He says Poulet, currently director of the Frick Collection in New York, and the retired Fairbanks -- both of whom declined repeated requests for comment -- were let go because they had shown they were not willing to be part of what Rogers saw as the new MFA. Instead of sharing information and donors, they were concerned with protecting their respective turf, Rogers says. At one point, Rogers says, he asked Fairbanks to organize an exhibition to commemorate the 125th anniversary of the MFA's 1876 opening in Copley Square. Poulet, Rogers says, refused to loan works from her department to the show.
There were many longtime MFA staffers who Rogers thought could adapt to his mantra of "one museum." By 1999, he decided Poulet and Fairbanks were not among them.
On June 25, a Friday, Rogers asked each curator to see him separately. In his office, he thanked them for serving so ably, but said that he had bad news. Their departments were being merged with others, and their jobs eliminated, along with 16 others. He told Poulet and Fairbanks that they were being offered positions as curators emeritae, and asked them to go to human resources, where they would be offered severance packages.
The story that filtered out of the museum had a different take on the meeting. In that version, the veteran curators were told to leave the building immediately. Members of the museum community seethed.
"More like criminals than loyal servants of the museum, they were given only hours to clear their desks," read a letter in The Burlington Magazine, an art journal, signed by nine art historians, many from the Victoria & Albert Museum in London.
Kaufman slammed Rogers in The Art Newspaper. John Walsh, a former MFA curator who was then director of the Getty Museum, wrote to Rogers asking for an explanation. He received none.
"What stunned people at the time was the extreme foolishness of getting rid of the best curator in her field in the country, which was Poulet, and gratuitously pushing out Jonathan Fairbanks, who could have been retired gracefully," Walsh says today. "I don't think the MFA's reputation has really ever recovered from that."
In the end, Poulet and Fairbanks accepted the emeritae positions, but not until months later. That, Rogers believes, created the false impression that he had been pressured by the trustees to make the offer. He insists that he wasn't, and that the deal was the same as the one offered in June, in his office. Complicating matters, two of Poulet's associate curators, Jeff Munger and Ellenor Alcorn, surprised him by resigning several months after the changes. He had hoped they would stay on.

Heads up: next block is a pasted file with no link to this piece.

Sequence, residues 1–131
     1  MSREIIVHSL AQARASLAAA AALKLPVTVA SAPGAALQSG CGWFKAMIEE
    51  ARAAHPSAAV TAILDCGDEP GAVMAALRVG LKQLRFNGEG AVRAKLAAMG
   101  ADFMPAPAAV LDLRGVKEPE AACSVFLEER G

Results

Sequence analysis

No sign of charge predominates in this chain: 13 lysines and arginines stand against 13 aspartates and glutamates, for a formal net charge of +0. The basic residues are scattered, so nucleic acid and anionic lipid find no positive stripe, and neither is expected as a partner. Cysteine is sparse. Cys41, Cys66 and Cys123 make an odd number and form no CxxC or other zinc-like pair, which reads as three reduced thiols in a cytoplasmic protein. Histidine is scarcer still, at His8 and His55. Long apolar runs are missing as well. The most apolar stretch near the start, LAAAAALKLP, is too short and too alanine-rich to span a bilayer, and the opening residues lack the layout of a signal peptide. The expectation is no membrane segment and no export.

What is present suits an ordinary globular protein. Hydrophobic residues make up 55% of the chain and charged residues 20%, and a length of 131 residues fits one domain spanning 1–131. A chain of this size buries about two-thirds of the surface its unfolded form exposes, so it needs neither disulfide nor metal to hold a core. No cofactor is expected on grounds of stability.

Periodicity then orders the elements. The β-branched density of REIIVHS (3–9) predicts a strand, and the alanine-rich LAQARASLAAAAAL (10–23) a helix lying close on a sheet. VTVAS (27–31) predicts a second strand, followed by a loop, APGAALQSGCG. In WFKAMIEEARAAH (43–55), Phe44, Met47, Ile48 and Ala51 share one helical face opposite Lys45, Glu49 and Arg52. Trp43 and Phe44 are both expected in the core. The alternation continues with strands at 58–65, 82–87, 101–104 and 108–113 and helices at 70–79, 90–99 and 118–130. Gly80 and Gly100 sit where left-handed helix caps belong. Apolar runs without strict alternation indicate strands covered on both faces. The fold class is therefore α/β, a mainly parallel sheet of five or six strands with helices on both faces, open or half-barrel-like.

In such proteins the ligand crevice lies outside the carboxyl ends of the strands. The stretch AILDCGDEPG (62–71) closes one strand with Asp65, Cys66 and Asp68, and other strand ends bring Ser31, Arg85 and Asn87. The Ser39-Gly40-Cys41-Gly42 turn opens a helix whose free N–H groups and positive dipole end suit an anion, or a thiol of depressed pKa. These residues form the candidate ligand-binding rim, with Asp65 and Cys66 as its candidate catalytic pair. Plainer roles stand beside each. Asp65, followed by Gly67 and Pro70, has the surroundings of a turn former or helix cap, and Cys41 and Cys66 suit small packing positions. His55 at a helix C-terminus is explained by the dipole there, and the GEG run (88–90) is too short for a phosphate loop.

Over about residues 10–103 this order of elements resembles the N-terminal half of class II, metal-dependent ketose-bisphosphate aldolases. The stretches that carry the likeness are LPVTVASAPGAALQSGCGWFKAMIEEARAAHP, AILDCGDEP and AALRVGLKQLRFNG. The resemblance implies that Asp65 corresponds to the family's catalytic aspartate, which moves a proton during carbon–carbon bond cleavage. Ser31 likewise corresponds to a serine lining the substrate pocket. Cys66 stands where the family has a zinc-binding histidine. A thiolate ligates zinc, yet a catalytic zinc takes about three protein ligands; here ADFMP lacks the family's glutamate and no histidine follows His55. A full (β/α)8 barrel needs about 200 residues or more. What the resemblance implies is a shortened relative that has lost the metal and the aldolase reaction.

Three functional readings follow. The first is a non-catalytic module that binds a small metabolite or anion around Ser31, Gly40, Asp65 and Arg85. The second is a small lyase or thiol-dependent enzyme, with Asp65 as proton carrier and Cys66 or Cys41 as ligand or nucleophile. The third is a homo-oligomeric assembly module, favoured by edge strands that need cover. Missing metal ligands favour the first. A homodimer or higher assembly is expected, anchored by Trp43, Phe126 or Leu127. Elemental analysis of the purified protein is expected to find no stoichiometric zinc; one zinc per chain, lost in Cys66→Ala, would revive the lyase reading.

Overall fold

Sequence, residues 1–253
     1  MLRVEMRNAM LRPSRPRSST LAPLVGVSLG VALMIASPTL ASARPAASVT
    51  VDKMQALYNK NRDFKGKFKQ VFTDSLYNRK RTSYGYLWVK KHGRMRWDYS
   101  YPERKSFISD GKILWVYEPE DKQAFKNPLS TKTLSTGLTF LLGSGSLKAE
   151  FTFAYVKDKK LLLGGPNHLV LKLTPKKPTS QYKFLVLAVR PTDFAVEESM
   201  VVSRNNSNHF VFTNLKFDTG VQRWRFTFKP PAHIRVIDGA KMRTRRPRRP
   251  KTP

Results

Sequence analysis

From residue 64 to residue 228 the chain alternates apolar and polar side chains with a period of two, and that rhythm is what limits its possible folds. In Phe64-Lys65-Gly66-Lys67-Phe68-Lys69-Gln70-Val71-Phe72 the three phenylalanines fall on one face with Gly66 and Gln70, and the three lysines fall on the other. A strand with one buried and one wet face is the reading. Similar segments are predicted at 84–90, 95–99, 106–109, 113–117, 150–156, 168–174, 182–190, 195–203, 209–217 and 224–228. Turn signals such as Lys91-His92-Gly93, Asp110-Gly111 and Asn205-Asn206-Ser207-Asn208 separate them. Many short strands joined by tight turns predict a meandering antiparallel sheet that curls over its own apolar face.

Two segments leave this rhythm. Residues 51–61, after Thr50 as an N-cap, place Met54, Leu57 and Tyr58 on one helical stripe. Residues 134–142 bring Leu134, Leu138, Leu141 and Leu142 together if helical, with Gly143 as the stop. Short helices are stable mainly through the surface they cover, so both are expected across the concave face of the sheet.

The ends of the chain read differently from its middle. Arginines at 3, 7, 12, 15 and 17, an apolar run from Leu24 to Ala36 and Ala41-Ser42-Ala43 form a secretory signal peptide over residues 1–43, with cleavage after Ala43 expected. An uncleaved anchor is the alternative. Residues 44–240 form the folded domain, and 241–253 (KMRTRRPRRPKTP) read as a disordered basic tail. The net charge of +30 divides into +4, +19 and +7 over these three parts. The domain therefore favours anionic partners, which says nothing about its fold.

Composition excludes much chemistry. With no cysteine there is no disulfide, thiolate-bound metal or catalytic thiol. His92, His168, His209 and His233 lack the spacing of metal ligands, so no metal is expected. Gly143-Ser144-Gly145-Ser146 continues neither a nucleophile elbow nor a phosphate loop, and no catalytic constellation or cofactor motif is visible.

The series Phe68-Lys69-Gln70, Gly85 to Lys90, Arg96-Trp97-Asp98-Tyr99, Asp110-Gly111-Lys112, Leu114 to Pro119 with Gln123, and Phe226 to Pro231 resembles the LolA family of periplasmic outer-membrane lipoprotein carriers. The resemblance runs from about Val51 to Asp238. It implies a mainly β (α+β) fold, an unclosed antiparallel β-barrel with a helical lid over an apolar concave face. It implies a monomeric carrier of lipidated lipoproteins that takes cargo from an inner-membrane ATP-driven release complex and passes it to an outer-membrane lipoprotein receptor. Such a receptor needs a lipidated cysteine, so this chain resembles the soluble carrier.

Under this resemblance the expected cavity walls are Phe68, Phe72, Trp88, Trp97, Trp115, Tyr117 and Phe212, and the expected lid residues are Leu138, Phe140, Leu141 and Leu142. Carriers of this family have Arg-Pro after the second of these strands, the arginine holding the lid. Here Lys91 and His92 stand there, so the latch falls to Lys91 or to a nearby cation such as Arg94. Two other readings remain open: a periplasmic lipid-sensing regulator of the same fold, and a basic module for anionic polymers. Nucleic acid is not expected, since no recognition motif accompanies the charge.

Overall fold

"I was voting with my feet," says Alcorn, who had served as an assistant curator at the museum for 21 years. "He had so curtailed the influence and the experience of the curatorial staff that all we had left to express ourselves were our feet."
Facing challenges The firings left Rogers with a new challenge. Now he had to build a staff that could continue developing the collection and programming exhibitions.
His choices were not always conventional. Not long after arriving in 1994, he had eliminated the department of exhibitions and put Katie Getchell, a 24-year-old secretary with an art history degree, in charge of coordinating shows through his office. By 2000, Getchell would be named a deputy director. Some curators complained that her appointment created a level of bureacracy between Rogers and the staff. Others felt Getchell helped them get a quicker response from the administration, even when Rogers was too busy to meet.
When he eliminated the positions of Poulet and Fairbanks, Rogers merged the museum's European decorative arts and sculpture department with its paintings department into one called art of Europe. George T. M. Shackelford, hired earlier by Rogers from the Museum of Fine Arts, Houston, took charge of that department, and Elliot Bostwick Davis, an assistant curator from the Metropolitan Museum of Art, was hired to run the corresponding art of the Americas department.
Shackelford, last June, engineered one of the MFA's greatest maneuvers of the Rogers era: the acquisition of an 1876 painting by Degas. At more than $20 million -- the total price has never been disclosed -- it was the most expensive purchase in the museum's history.
The new curators also oversaw a series of exhibitions that would, over time, draw more people into the museum. The majority of these shows didn't shock museum-world observers. They featured such MFA-tested warhorses as Monet, Rembrandt, and John Singer Sargent. Other exhibitions, however, did turn heads. The Ritts show inspired criticism from a host of local art types, including Milena Kalinovska, then the director of Boston's Institute of Contemporary Art.